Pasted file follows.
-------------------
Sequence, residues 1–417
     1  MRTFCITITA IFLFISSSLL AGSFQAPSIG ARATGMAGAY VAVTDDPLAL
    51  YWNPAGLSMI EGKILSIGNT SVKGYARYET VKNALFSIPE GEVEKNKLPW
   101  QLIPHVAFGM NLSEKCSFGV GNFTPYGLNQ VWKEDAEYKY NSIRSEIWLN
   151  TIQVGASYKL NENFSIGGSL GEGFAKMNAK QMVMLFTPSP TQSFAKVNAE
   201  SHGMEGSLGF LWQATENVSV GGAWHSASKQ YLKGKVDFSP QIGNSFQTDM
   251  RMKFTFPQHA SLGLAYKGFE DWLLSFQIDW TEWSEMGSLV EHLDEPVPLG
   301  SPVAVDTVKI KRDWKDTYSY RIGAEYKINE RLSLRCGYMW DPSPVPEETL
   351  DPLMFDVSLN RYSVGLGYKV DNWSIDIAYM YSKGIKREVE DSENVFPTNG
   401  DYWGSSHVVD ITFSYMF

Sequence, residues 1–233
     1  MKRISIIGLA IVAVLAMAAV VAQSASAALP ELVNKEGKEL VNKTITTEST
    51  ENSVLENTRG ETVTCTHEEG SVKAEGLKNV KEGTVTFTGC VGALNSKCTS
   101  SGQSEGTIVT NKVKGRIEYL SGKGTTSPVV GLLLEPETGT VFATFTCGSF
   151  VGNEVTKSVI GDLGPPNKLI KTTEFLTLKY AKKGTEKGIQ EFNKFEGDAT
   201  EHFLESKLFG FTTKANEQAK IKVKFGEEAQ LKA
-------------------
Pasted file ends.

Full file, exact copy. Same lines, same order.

Sequence, residues 1–417
     1  MRTFCITITA IFLFISSSLL AGSFQAPSIG ARATGMAGAY VAVTDDPLAL
    51  YWNPAGLSMI EGKILSIGNT SVKGYARYET VKNALFSIPE GEVEKNKLPW
   101  QLIPHVAFGM NLSEKCSFGV GNFTPYGLNQ VWKEDAEYKY NSIRSEIWLN
   151  TIQVGASYKL NENFSIGGSL GEGFAKMNAK QMVMLFTPSP TQSFAKVNAE
   201  SHGMEGSLGF LWQATENVSV GGAWHSASKQ YLKGKVDFSP QIGNSFQTDM
   251  RMKFTFPQHA SLGLAYKGFE DWLLSFQIDW TEWSEMGSLV EHLDEPVPLG
   301  SPVAVDTVKI KRDWKDTYSY RIGAEYKINE RLSLRCGYMW DPSPVPEETL
   351  DPLMFDVSLN RYSVGLGYKV DNWSIDIAYM YSKGIKREVE DSENVFPTNG
   401  DYWGSSHVVD ITFSYMF

Sequence, residues 1–233
     1  MKRISIIGLA IVAVLAMAAV VAQSASAALP ELVNKEGKEL VNKTITTEST
    51  ENSVLENTRG ETVTCTHEEG SVKAEGLKNV KEGTVTFTGC VGALNSKCTS
   101  SGQSEGTIVT NKVKGRIEYL SGKGTTSPVV GLLLEPETGT VFATFTCGSF
   151  VGNEVTKSVI GDLGPPNKLI KTTEFLTLKY AKKGTEKGIQ EFNKFEGDAT
   201  EHFLESKLFG FTTKANEQAK IKVKFGEEAQ LKA